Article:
The report on Feller’s AANA Specialty Day presentation at AAOS highlights his approach to trochleoplasty. Students of the patellofemoral compartment have followed an evolution of the management of patellar instability noting in the past, there were advocates of isolated lateral release, isolated tubercle medialization, isolated medial reefing and combinations. There is now general agreement that the common denominator for patellar instability is patholaxity of the proximal medial patellar restraints (medial patellofemoral [MPFL] and medial quadriceps tendon femoral ligaments [MQTFL]). The multiple risk factors for recurrent patellar instability include the two of which Feller discussed: trochlear dysplasia and patellar alta. Obviously, there are many additional risk factors that are outside the scope of his discussion. Recently, these have been compressed by Hevesi and colleagues with their recurrent instability of the patella (RIP) score (www.mdcalc.com/recurrent-instability-patella-rip-score) to give patients and physicians an estimate of future patellar instability: Is any surgery warranted?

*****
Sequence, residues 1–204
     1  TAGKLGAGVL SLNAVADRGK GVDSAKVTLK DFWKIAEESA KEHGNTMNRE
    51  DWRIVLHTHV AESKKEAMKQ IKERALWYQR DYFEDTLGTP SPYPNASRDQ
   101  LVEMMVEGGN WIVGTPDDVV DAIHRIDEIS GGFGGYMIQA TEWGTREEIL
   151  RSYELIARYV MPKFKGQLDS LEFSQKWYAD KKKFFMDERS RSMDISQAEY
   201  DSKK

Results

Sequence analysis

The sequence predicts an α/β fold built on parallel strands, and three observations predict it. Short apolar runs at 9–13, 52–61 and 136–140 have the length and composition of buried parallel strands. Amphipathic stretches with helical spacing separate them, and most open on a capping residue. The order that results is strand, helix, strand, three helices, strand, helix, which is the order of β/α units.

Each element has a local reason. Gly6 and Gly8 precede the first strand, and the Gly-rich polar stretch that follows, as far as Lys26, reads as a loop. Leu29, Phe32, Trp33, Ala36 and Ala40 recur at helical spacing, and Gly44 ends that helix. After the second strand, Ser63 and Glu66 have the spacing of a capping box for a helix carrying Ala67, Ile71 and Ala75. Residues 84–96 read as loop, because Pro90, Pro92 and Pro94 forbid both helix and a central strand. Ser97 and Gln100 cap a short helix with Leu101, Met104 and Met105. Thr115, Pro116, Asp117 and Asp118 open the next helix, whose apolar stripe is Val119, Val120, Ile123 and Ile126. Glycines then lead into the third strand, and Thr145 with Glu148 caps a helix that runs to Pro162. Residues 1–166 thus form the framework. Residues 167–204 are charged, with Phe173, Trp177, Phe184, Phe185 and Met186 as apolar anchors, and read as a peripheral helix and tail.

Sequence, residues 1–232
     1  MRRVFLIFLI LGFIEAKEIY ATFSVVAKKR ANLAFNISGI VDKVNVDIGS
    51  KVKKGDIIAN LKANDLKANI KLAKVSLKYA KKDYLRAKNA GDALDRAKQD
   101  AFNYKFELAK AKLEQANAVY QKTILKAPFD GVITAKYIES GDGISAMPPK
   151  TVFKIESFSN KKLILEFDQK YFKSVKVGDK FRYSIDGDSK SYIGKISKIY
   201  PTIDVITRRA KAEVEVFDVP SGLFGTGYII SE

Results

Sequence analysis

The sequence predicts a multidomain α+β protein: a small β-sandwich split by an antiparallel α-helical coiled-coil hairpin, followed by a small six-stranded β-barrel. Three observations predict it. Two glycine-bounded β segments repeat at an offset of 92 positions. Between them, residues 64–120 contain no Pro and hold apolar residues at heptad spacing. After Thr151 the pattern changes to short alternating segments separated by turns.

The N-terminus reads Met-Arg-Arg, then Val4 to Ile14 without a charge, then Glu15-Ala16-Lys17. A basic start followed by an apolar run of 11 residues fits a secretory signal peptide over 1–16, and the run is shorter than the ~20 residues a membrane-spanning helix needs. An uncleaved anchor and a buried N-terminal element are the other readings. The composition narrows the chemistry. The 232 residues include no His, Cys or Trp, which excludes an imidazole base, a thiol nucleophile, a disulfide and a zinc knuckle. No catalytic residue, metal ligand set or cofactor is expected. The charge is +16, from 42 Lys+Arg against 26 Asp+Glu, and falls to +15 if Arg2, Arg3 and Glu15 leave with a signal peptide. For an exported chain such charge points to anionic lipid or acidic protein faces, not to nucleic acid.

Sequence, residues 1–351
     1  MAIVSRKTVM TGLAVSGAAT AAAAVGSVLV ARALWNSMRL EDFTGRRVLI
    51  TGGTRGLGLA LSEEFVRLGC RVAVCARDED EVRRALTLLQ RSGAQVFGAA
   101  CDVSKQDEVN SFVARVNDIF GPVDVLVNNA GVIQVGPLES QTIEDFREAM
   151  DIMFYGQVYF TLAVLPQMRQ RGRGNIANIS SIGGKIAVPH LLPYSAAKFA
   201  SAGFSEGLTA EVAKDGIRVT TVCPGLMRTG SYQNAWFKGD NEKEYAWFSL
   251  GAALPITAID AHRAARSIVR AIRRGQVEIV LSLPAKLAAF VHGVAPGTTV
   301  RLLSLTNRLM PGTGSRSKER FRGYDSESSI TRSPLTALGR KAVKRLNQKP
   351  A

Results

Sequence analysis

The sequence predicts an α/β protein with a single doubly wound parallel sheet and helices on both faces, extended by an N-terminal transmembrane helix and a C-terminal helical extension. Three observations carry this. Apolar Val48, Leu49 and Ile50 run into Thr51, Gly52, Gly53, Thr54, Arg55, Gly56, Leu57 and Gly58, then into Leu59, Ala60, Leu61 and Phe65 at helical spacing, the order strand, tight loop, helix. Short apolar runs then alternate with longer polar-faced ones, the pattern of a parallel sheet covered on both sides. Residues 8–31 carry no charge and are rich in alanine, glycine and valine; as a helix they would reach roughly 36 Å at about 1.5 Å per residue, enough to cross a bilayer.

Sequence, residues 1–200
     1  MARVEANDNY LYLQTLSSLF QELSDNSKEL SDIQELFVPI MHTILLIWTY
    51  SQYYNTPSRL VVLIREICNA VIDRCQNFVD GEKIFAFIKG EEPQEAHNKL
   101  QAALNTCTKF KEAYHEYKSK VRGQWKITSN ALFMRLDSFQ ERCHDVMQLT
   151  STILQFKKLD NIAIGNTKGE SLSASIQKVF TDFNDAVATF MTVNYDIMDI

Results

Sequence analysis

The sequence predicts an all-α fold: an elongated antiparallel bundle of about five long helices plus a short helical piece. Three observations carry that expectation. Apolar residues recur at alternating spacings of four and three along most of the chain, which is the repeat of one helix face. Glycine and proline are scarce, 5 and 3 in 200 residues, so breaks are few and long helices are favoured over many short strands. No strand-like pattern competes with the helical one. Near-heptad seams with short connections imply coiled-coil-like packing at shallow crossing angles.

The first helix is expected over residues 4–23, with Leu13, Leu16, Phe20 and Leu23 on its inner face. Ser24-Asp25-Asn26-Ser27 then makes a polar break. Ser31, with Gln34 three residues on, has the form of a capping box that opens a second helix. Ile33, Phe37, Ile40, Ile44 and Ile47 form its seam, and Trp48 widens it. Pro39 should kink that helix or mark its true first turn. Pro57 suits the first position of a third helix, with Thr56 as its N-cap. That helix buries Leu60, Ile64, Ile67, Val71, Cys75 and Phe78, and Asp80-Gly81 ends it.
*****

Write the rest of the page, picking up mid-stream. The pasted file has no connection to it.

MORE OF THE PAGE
Focusing on trochlear dysplasia, the Dejour classification may be looked upon as describing a trochlear “groove” that is shallow, flat or convex. Liu and colleagues have published work demonstrating that a well-performed MPFL reconstruction without trochleoplasty in patients with shallow and flat “grooves” can achieve good stability outcomes. We submitted a comparison of 50 patellar instability patients with 50 stable patients and, in that series, only four were classified as Dejour C or D (convex). Thus, even in a practice that has a PF focus, convex trochleas that may have a trochleoplasty indication are not common. Furthermore, Bollier and Fulkerson have cautioned about the long-term implications of trochleoplasty on the articular cartilage citing reports of chondrosis. Note that even with his seasoned experience, Feller noted trochleoplasty is “technically demanding and certainly frightening.”